Therefore, although Dr. Kechijian has raised due process constitutional issues during the course of this action, such contentions do not rise to the levels necessary to provide him with an alternative source of federal question jurisdiction.


An additional but equally important reason exists why this Court cannot hear plaintiff's claims. As previously stated, on April 30, 1974, Blue Shield advised Dr. Kechijian that it had determined that he had been overpaid, and that a set-off would be made if plaintiff failed to refund $26,199.85. Dr. Kechijian was also informed that he had the right to request a review of his case if he requested such review within six months after the April 30, 1974 letter. Dr. Kechijian admittedly did not seek such review. This constitutes a failure by plaintiff to exhaust the administrative remedies which were readily available to him. See Weinreb v. United Medical Service, Inc., 392 F. Supp. 45 (S.D.N.Y.1975). Because of plaintiff's failure to exhaust administrative remedies, judicial review may be properly barred.[8] In McKart v. United States, 395 U.S. 185, 193-195, 89 S. Ct. 1657, 1663, 23 L. Ed. 2d 194 (1969), the Supreme Court explained the theoretical underpinnings of this doctrine:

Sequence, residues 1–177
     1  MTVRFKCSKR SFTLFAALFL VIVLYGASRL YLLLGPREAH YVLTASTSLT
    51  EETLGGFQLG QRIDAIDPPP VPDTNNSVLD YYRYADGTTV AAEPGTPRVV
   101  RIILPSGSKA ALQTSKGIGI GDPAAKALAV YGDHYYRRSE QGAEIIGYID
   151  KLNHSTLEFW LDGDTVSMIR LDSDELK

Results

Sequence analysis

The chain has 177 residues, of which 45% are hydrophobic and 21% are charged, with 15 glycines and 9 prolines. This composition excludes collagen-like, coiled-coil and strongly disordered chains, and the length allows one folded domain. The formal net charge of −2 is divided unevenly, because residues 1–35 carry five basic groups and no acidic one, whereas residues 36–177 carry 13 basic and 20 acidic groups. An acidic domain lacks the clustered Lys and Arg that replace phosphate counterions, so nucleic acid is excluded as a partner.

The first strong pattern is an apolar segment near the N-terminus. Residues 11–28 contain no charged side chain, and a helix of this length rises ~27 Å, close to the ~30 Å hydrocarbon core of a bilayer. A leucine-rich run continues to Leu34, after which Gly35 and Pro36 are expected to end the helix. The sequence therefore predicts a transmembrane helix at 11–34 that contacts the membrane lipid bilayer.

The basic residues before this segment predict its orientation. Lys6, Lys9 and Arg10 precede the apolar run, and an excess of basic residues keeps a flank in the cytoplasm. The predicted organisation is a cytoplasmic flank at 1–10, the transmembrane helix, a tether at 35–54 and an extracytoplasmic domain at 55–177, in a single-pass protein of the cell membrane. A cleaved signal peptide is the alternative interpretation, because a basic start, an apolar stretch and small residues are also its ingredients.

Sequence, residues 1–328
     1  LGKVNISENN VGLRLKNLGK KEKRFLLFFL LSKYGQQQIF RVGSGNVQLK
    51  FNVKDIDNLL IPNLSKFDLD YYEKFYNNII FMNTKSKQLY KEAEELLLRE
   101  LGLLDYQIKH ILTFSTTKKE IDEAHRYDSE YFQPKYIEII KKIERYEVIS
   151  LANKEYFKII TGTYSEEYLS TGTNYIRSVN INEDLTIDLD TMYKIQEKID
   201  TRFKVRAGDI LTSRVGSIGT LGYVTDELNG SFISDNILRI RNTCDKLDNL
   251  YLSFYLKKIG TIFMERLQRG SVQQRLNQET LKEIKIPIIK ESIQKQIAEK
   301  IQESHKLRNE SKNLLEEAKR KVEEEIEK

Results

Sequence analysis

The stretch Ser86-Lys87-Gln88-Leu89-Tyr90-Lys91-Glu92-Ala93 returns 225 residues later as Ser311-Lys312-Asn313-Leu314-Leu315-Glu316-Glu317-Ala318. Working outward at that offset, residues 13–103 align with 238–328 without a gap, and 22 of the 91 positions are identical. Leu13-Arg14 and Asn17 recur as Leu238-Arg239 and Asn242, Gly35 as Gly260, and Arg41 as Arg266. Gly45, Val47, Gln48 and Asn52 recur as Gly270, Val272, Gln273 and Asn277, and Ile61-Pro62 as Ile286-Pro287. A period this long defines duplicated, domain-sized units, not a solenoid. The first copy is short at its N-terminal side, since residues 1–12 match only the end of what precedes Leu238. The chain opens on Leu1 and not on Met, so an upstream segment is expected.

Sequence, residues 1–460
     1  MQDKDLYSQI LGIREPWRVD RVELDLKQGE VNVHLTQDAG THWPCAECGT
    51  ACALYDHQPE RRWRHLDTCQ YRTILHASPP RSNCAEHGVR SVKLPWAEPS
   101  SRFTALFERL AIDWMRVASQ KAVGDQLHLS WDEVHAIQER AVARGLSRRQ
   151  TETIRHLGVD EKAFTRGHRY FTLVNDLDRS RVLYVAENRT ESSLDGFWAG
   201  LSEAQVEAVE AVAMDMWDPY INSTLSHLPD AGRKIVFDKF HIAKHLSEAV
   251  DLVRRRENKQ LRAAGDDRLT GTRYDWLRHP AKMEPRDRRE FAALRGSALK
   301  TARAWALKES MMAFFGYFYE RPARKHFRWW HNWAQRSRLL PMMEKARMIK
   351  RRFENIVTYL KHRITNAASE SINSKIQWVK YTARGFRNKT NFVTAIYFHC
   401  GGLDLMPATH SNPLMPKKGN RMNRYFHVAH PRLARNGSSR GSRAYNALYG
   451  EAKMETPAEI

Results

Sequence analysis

*164 "A primary purpose is . . . the avoidance of premature interruption of the administrative process. . . . And since agency decisions are frequently of a discretionary nature or frequently require expertise, the agency should be given the first chance to exercise that discretion or to apply that expertise. And of course it is generally more efficient for the administrative process to go forward without interruption than it is to permit the parties to seek aid from the courts at various intermediate stages.
. . . [t]he function of the agency and the particular decision sought to be reviewed involve exercise of discretionary powers granted the agency by Congress, or require application of special expertise.
. . . Particularly, judicial review may be hindered by the failure of the litigant to allow the agency to make a factual record, or to exercise its discretion or apply its expertise. . . . Certain very practical notions of judicial efficiency come into play as well. A complaining party may be successful in vindicating his rights in the administrative process. If he is required to pursue his administrative remedies, the courts may never have to intervene. And notions of administrative autonomy require that the agency be given a chance to discover and correct its own errors. Finally, it is possible that frequent and deliberate flouting of administrative processes could weaken the effectiveness of an agency by encouraging people to ignore its procedures."